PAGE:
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“Light Field” Imaging, Lytro, and the Future of Digital Photos

Rob’s recent post over at Boing Boing drew my attention to computer scientist Ren Ng’s startup, Lytro, which is developing a digital camera technology that requires no moving parts to focus an image at any depth of field, even infinite. It’s called “light field” photography, and, besides eliminating failure-prone moving parts from cameras, it will let you refocus your pictures however you want, as many times as you want, any time after they’ve been captured. I don’t claim to completely understand the process, but here are what seem like the important facts:

  1. Instead of one big lens, “light field” cameras have lots of little “micro-lenses”—one for each pixel.
  2. Besides pixel color and intensity (which are recorded by conventional cameras) “light field” cameras also capture the direction of the incoming light for each pixel.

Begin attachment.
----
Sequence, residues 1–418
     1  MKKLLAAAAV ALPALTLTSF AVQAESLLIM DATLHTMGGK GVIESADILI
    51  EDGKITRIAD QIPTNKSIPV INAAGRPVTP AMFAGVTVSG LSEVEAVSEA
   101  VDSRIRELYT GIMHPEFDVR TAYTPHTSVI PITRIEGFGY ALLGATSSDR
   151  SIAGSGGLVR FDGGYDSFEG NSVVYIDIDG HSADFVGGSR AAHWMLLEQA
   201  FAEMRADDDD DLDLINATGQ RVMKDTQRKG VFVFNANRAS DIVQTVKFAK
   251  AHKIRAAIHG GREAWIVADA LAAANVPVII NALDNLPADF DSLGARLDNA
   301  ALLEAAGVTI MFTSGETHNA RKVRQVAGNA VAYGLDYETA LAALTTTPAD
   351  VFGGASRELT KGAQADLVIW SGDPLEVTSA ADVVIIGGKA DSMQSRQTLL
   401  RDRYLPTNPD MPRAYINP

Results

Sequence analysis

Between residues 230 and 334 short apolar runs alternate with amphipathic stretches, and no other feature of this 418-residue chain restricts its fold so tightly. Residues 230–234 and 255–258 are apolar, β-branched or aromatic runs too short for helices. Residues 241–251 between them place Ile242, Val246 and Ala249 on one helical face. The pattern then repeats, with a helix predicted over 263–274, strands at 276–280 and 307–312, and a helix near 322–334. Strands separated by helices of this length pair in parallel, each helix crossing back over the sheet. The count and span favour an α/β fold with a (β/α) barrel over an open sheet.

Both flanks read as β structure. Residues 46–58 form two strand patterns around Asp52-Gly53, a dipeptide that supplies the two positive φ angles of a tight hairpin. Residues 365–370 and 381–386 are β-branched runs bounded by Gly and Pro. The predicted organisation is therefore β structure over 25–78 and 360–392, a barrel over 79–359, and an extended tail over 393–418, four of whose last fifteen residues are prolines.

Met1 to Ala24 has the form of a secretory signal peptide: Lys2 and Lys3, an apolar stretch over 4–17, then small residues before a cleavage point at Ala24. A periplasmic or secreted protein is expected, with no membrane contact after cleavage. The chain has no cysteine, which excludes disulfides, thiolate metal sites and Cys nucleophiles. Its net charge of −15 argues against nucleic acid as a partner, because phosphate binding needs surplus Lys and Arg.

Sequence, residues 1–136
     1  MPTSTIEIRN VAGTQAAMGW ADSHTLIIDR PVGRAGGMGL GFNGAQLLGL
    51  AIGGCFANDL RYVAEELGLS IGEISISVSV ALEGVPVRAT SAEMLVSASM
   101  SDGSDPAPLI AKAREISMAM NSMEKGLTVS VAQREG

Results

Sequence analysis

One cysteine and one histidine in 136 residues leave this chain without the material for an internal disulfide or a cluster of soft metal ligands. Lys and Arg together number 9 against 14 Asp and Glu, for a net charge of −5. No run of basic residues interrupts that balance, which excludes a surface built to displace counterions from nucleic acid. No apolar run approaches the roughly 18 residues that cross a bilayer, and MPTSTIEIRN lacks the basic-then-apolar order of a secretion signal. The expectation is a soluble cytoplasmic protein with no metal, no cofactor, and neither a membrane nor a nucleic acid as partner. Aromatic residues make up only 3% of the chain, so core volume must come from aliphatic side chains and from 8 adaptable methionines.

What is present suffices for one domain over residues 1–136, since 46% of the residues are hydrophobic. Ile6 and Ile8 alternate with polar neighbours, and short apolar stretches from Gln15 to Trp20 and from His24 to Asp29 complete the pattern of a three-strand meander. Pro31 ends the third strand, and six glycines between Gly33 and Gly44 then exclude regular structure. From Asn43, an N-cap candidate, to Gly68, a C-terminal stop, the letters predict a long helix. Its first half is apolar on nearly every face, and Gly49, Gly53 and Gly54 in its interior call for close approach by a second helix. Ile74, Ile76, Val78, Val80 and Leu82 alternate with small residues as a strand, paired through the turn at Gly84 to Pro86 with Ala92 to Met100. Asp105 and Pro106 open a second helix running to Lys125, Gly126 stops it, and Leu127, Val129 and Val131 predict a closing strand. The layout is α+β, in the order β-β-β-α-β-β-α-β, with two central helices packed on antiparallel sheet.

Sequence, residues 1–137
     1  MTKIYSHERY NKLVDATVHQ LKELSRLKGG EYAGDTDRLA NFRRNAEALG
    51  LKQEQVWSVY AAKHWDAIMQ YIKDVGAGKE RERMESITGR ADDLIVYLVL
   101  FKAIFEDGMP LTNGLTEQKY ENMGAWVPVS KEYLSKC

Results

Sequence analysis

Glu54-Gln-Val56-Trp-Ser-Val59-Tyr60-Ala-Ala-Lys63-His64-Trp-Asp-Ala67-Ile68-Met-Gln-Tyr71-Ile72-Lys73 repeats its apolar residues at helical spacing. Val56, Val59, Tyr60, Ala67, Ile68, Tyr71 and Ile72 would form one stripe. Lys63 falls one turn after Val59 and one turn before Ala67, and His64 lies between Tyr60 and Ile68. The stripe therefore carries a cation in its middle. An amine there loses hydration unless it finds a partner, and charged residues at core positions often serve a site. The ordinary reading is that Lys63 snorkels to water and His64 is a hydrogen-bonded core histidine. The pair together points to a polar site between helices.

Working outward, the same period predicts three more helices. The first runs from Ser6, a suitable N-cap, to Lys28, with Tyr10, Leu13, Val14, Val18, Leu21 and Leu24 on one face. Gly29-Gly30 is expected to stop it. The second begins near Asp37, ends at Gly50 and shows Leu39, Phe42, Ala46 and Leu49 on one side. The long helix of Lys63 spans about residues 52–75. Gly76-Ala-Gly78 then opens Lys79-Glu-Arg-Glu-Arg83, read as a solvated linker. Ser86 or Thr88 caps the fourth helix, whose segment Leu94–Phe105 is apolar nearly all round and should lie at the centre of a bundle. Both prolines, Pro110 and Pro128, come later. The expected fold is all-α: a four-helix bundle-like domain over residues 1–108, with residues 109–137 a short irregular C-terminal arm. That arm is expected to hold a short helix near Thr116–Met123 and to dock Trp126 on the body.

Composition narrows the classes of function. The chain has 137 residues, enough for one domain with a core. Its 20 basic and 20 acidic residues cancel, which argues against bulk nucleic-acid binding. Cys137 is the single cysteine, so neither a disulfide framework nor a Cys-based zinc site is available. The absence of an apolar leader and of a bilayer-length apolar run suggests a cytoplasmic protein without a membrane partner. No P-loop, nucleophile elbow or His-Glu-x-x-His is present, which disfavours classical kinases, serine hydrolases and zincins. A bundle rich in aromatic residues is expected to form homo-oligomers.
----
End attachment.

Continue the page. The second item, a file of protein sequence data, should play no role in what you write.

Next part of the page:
3. Knowing the vector path of the light that makes each pixel allows for a sort of “reverse ray-tracing” routine that can virtually refocus the image at the software level.

Fascinating stuff. There’s more info at The Economist, and at Lytro, including an interactive photo gallery that shows off the refocusing trick.

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I am descended from 5,000 generations of tool-using primates. Also, I went to college and stuff. I am a long-time contributor to MAKE magazine and My work has also appeared in ReadyMade, c't – Magazin für Computertechnik, and The Wall Street Journal.

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